Emergency Rod Surgery

How to save the life of your mortally cracked fishing pole. PLUS Web Exclusive: Directions for fixing a broken tip

David Arky: www.arky.com

There’s no worse sound to an angler than a lead split shot or jig slapping your graphite rod, since it’s usually followed by the ringing of a cash register as you fork over big bucks for a replacement. The same goes for a cracked ferrule in a takedown rod. The good news: A single crack can be repaired simply and cheaply.

(STEP 1)If the crack is near a guide wrap, gently cut through the epoxy finish with a razor blade and remove the old thread. Sand away burrs around the damage and score the finish with 300-grit sandpaper. Tape the rod at both sides of the crack, leaving 1/2 inch on each side. Start wrapping size 00 thread around the rod, overlapping the tag end.

(STEP 2) Make a simple rod jig out of a 2×4, then sandwich the thread running to the spool between two heavy books to maintain even tension, and spin the rod to continue wrapping tightly over the tag end.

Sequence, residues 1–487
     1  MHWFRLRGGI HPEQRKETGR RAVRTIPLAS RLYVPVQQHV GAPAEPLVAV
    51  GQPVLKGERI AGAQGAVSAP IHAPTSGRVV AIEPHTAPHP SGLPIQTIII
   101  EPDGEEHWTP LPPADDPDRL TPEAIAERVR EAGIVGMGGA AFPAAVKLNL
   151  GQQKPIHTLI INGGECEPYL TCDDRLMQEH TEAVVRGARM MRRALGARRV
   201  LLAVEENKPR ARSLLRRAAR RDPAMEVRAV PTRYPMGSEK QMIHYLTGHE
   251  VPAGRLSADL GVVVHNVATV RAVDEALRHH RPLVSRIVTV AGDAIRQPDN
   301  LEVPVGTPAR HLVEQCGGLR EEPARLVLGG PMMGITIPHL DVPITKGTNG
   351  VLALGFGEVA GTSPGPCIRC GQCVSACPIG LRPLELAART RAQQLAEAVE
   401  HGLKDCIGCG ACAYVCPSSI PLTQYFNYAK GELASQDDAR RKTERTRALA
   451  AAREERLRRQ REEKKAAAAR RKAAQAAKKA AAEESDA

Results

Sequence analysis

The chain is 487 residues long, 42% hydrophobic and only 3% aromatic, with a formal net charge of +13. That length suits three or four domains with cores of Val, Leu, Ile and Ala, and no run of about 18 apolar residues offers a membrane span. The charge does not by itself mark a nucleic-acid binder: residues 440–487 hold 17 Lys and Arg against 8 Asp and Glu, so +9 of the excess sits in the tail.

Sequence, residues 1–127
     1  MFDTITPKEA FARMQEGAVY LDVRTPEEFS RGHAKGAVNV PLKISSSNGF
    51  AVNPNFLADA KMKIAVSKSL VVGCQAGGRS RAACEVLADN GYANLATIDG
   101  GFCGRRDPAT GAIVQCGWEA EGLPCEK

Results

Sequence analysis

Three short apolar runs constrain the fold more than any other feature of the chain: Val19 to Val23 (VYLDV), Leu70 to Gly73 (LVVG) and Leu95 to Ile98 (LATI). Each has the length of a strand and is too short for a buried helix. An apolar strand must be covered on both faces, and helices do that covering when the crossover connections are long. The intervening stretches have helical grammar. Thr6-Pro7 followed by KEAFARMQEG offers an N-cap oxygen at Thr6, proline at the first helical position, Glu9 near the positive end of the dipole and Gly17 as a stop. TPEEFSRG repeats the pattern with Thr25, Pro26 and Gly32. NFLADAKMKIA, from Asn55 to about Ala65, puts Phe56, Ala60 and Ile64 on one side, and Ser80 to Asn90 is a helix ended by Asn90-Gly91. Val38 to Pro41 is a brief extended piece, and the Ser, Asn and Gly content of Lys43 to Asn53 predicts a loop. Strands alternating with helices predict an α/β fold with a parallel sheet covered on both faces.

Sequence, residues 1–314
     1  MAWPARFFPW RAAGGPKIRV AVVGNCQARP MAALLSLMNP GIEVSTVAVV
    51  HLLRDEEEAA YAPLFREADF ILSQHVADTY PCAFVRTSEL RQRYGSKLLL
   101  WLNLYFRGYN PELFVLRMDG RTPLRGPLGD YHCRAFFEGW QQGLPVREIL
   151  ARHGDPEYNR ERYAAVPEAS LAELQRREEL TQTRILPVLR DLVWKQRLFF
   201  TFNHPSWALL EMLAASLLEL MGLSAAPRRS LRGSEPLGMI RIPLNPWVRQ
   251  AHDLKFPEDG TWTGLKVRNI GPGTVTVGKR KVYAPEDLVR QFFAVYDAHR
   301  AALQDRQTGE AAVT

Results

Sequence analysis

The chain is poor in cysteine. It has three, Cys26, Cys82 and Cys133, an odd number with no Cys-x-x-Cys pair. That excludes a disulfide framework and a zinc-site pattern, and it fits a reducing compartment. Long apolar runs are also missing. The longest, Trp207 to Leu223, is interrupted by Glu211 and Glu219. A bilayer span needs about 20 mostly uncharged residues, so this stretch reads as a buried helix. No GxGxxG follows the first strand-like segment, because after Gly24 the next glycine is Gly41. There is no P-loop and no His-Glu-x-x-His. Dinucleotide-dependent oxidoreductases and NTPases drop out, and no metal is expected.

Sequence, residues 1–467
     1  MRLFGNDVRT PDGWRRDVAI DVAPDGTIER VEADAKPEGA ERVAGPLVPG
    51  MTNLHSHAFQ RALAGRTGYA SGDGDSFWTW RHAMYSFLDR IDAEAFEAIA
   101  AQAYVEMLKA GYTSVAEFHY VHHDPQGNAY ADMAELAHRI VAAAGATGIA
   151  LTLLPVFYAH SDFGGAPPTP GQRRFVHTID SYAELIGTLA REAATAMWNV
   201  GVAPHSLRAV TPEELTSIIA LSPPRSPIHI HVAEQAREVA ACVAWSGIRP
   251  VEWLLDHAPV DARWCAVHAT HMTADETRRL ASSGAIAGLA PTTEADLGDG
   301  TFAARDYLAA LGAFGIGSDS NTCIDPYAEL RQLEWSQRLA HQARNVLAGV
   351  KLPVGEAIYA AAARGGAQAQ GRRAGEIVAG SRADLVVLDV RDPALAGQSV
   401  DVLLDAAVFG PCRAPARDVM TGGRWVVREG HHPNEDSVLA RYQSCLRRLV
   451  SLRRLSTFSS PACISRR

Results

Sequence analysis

(STEP 3) While maintaining tension, wrap most of the crack. When there are only five or six wraps left to make, take a piece of mono and make a loop, laying it on the rod. Continue to tightly wrap over the loop. Hold the last turn in place, cut the thread, and run the end through the mono loop. Holding the cut end in one hand, draw the opposite end of the loop, pulling the line through the wraps. Tighten and trim.

(STEP 4) Mix 5-minute epoxy and quickly apply it around the threaded wrap. Nail polish will also work. Apply a second coat, let it dry overnight, remove the tape, and go fishing.
[NEXT “Web exclusive: How to fix a broken tip”]

Whether it’s the fault of an unforgiving car door or a fish flogging your rod, you will eventually break a rod tip. To be ready, keep a repair kit in your tackle box.

Buy a selection of at least four replacement tips (the salesman can provide sizing help) and some wader-repair rubber sticks. Get a box of matches and a sheet of 300-grit sandpaper. Throw it all in a zip-seal bag, and leave it in your tackle box.When misfortune strikes, grab your kit. Clean the broken tip with sandpaper, and find a new one closest in size. Heat up your rubber stick and goo the end of the rod. Slide on the tip, quickly line it up, remove the excess, and let it sit for 10 minutes. You now have a permanent repair.